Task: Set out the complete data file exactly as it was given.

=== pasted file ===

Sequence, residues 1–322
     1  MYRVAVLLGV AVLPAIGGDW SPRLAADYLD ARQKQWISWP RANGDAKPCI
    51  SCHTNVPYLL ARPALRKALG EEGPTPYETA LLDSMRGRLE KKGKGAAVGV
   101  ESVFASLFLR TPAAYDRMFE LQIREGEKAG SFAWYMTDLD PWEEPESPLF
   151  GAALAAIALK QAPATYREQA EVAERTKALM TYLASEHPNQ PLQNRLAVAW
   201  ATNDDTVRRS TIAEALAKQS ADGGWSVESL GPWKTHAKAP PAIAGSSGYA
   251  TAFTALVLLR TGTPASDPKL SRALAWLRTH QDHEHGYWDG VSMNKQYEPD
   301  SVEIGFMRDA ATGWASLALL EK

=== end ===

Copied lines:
Sequence, residues 1–322
     1  MYRVAVLLGV AVLPAIGGDW SPRLAADYLD ARQKQWISWP RANGDAKPCI
    51  SCHTNVPYLL ARPALRKALG EEGPTPYETA LLDSMRGRLE KKGKGAAVGV
   101  ESVFASLFLR TPAAYDRMFE LQIREGEKAG SFAWYMTDLD PWEEPESPLF
   151  GAALAAIALK QAPATYREQA EVAERTKALM TYLASEHPNQ PLQNRLAVAW
   201  ATNDDTVRRS TIAEALAKQS ADGGWSVESL GPWKTHAKAP PAIAGSSGYA
   251  TAFTALVLLR TGTPASDPKL SRALAWLRTH QDHEHGYWDG VSMNKQYEPD
   301  SVEIGFMRDA ATGWASLALL EK